And yet, Paul’s point – the gift of the Spirit that we finally unwrap here is we are not driven to despair.
What is the birthday present – one of the many gifts of the Spirit – thanks to Pentecost?
That we have hope. Not just any hope – but the hope of heaven. We possess divine assurance thanks to the presence of the Holy Spirit.
And this is idle or fanciful hope that we have to generate in order to keep it alive.
This hope within us – out there in the world – is generated and sustained by the Spirit.
The hope of the Spirit is tangible and practical for, as Paul describes, this hope groans with us – interceding for us – testifying to us as we long, as we wait – that God is still working, that the Lord is making good on His promise of redemption for us and all creation.
“In the same way, the Spirit helps us in our weakness. We do not know what we ought to pray for, but the Spirit himself intercedes for us through wordless groans.” – Romans 8:26
Paul gets it. Paul is in this world with us – in our longing as we wait and as we abide in Christ’s transforming work both in and through us.
Paul’s been there. Paul is one of us.
He knows as believers, as followers of Jesus, we can be worn down by weakness – by how far we and this world still have to go.
Paul understands sometimes things get so bad, life becomes so hard, that we can be tempted to lose the hope we have.
In those moments when we find ourselves breathless, speechless – not even knowing how to pray anymore – how to talk to God – how to put what we’re feeling, what we’re thinking, what we’re experiencing into words.
Sometimes the darkness is all we see even as we desperately are looking for the light.
Sometimes in the challenge and struggle of our growth in Christ, the present moment before us can become so overwhelming; it can be hard to hold onto the future God has promised us – to embody that hope in the midst of where we currently find ourselves.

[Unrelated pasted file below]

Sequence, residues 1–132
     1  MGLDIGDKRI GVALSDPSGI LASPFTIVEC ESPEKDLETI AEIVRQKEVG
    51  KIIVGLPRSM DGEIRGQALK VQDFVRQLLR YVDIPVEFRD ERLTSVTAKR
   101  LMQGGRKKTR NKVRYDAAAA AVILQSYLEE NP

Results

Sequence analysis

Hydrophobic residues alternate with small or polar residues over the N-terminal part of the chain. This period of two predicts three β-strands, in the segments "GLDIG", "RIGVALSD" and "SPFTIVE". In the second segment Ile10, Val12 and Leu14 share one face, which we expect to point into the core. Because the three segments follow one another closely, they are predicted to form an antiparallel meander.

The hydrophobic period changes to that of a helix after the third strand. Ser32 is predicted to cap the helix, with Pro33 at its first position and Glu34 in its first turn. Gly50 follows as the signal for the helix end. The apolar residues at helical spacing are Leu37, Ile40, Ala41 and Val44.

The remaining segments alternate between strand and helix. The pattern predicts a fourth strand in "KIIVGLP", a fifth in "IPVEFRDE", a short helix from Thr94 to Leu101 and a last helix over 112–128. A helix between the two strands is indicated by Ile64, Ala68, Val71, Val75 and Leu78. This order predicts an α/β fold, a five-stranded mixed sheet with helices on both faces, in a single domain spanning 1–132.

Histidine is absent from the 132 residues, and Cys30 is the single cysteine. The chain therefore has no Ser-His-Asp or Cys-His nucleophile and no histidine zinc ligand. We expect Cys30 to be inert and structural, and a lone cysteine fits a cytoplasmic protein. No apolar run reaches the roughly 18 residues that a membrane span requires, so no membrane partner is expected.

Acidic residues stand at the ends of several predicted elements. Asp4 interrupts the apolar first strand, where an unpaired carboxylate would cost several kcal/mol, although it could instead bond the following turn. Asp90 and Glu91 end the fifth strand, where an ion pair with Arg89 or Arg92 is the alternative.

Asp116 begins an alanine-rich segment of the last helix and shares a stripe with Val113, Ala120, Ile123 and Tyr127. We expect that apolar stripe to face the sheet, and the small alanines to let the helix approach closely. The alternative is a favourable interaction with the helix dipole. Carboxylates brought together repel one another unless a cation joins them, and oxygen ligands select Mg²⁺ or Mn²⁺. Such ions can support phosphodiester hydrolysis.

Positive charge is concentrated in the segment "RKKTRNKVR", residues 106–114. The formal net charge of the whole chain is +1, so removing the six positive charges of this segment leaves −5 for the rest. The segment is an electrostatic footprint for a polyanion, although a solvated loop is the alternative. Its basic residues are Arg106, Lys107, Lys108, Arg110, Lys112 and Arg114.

Sometimes the brokenness of this life can break us and we can’t speak. We can only cry. We can only sigh and groan.
It is precisely in such moments – at the point where we reach the end of ourselves before the ruin and misery of this world and the nagging reality of our own incompleteness
– when in our waiting we are hard-pressed, when we just can’t find the words anymore, that the Spirit intercedes – carrying us, filling us with the strength of divine hope.
Struggling with prayer is a reality for many Christians.
That struggle, apart from a lack of even trying, often comes down to not knowing how to pray – what to say and how to say it before God.
It is a comfort to read within the pages of our Bibles the recognition of this struggle by Paul.
We are not alone, if we grapple with the practice of prayer.
But the encouragement, one of the gifts on our birthday as the Church, part of the good news of the Gospel, is we have the Holy Spirit as our constant advocate in reaching out and speaking to God.
Notice, Paul doesn’t write that the Holy Spirit prays for us, so we don’t have to pray.
No. The Holy Spirit prays with us – helping us as we pray – shaping, forming, and even refining whatever it is we are trying to express to the Lord.
Sometimes when we receive several gifts on our birthday, we can have the tendency to rush through opening each of our presents in order to get to the next one which might be bigger and better than the last. But this particular gift of the Spirit isn’t one we should easily toss aside and quickly lose sight of. The gift of the Spirit’s intercession in our prayer life with God is remarkable – one that offers us not only profound comfort but needed encouragement in our conversational relationship with the Lord.
Sometimes when we pray, we know exactly what we want to say and what we want God to do.
Such prayers easily can become nothing more than a “to do” list that we attempt to hand to God and then walk away.
But based on what Paul writes here, the Holy Spirit doesn’t just act like messenger service handing our prayer list to the Lord.
Instead, the Spirit intercedes and adapts our prayer list to fit the will of God.
This is a relief because it means we can pray from the heart freely without fear of making a mess by asking wrongly.
Sometimes we think we know what to ask for but in hindsight we realize it was not what we needed and not good for us.
Serving as a filter for our prayers, the Spirit spares us from experiencing not how good but how bad and chaotic it would be if God actually answered all our prayers as asked.
Abiding in the Spirit as we reflect on the contrast between what we pray for and what God does in our lives, we can discover and learn how to stop handing the Lord lists and instead discern what the Lord wants for us.